fig = go.Figure()
fig.add_trace(go.Scatter(x=np.arange(epochs), y=slstm_train_loss,
mode='lines',
name='Train Loss'))
fig.add_trace(go.Scatter(x=np.arange(epochs) , y=slstm_test_loss,
mode='lines',
name='Validation Loss'))
fig.update_layout(
title="Loss curve for single lstm",
xaxis_title="epochs",
yaxis_title="rmse"
)
fig.show()
```

From the loss curve above, we can discover that validation loss converges to 0.07 at the 200th epoch. Furthermore, we can draw a stock price line plot to verify the predictability of single layer LSTM.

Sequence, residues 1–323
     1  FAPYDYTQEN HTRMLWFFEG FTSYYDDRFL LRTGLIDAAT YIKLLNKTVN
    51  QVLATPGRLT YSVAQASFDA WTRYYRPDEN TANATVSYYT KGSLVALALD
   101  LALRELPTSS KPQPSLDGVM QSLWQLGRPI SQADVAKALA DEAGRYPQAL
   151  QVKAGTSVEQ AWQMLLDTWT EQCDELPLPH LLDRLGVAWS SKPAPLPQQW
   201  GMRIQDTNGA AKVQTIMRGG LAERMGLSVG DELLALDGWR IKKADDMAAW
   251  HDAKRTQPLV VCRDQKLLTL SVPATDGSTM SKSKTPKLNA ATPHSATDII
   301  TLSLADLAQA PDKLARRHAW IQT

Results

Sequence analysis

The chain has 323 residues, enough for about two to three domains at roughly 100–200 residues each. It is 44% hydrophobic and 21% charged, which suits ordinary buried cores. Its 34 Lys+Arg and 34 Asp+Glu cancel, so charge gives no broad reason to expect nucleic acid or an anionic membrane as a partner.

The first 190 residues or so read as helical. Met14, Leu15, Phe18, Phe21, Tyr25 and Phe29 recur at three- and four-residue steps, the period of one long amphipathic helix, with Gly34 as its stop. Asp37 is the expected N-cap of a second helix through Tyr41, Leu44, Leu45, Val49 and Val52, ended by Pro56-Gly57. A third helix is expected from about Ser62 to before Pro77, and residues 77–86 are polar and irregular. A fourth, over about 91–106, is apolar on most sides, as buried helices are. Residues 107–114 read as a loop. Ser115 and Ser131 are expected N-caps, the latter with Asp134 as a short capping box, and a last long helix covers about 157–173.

train_plot = np.ones_like(data[:, 3]) * np.nan test_plot = np.ones_like(data[:, 3]) * np.nan with torch.no_grad(): # predict train data y_pred = model(X_train) train_plot[lookback:int(0.8 * len(data))] = y_pred.view(-1).cpu() # predict validation data y_pred = model(X_val) test_plot[int(0.8 * len(data))+lookback:] = y_pred.view(-1).cpu() fig = go.Figure() fig.add_trace(go.Scatter(x=mdate, y=train_plot, mode='lines', name='Train')) fig.add_trace(go.Scatter(x=mdate , y=test_plot, mode='lines', name='Validation')) fig.add_trace(go.Scatter(x=mdate , y=data[:, 3], mode='lines', name='True')) fig.update_layout( title="Stock prediction for sngle lstm", xaxis_title="dates", yaxis_title="standardised stock" ) fig.show()